OSHA is beginning to place increased scrutiny on employees who work at heights in Wisconsin and around the rest of the country. The emphasis appears to be on those involved in tree trimming or other workers who may be subject to a work injury because of unsecured ladders. They are also expected to scrutinize isocyanates, a product used in auto body shops that could cause respiratory issues if not 'properly controlled.'
One of OSHA's compliance assistance specialists stated that anyone using ladders should extend them by at least 3 feet beyond their resting point. Doing so could make it easier for people to get back on them when working. They should also be secured to the structure being worked on and inspected prior to its use. The issue of tree-trimming safety was also brought up and stressed that the dangers in such work goes beyond the dangers of power lines. Traffic can also cause a work injury and should be controlled prior to any work being performed.
Isocyanates could also be a concern for employees involved in the installation of truck bed liners. If not properly used, this chemical can irritate the respiratory tract, the eyes and also cause similar symptoms to asthma. In addition to height and chemical hazards, the specialist also stressed heat-safety. Employees working in hot areas should be aware that body temperatures can elevate to dangerous levels within just minutes, so water-intake and emergency plans should be in place in case of heat-related illnesses.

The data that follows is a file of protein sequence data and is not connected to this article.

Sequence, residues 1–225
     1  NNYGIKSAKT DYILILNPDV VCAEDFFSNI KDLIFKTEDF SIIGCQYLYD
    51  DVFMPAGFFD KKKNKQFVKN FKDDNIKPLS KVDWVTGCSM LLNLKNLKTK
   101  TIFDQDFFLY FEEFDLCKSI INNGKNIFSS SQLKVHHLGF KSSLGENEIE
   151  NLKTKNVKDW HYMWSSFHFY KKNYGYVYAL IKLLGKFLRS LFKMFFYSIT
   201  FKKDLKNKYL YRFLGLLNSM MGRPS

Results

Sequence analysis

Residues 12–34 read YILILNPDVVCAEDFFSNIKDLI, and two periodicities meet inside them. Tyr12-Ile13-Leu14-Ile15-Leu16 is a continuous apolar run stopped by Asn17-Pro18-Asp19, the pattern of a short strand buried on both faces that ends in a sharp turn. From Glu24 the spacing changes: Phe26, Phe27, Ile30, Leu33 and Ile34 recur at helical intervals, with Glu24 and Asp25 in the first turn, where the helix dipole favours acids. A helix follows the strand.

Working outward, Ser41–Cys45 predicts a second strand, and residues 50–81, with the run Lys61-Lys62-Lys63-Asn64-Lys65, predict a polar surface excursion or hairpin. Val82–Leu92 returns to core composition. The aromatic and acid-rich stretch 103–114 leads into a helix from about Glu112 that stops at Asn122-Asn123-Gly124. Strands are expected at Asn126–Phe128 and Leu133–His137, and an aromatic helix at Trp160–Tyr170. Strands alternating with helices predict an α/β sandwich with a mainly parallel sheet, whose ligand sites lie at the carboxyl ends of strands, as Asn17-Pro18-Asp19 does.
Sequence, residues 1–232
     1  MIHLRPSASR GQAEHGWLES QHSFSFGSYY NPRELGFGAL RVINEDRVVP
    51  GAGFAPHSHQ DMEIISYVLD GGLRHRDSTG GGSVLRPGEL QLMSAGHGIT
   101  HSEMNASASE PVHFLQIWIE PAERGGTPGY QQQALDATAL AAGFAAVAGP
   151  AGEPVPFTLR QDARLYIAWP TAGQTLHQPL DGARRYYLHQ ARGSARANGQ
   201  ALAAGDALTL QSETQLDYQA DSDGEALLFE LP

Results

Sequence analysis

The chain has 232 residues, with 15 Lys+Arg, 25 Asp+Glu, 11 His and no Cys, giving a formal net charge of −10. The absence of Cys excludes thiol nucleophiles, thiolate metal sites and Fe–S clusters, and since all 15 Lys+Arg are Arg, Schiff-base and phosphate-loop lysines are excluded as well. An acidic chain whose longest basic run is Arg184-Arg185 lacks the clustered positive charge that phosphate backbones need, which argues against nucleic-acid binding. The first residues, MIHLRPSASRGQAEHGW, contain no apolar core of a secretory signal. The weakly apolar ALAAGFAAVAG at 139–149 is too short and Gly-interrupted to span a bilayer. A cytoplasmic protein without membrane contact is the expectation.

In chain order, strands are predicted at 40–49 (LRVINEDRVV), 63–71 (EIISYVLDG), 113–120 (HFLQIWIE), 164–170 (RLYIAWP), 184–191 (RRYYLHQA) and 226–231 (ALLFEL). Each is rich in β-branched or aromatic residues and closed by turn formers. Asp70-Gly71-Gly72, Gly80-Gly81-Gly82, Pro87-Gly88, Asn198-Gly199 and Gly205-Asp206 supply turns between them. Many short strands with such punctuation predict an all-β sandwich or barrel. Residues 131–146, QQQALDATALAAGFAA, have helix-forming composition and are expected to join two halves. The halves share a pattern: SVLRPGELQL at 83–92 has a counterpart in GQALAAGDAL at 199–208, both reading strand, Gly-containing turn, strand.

Wisconsin employees face many dangers depending upon the type of work they do. Preventing a work injury can be simple, but sometimes they still occur, even with all the precautions. Any employee who sustains an injury on the job will likely be entitled to receive workers' compensation to help with incurred medical costs or even lost wages. Many workers find the compensation system confusing and even contradictory, and they may benefit from seeking advice and assistance to ensure timely filing of claims and payment of all covered benefits.
Source: The News-Gazette, "OSHA focusing on height-related hazards," Don Dodson, Oct. 25, 2012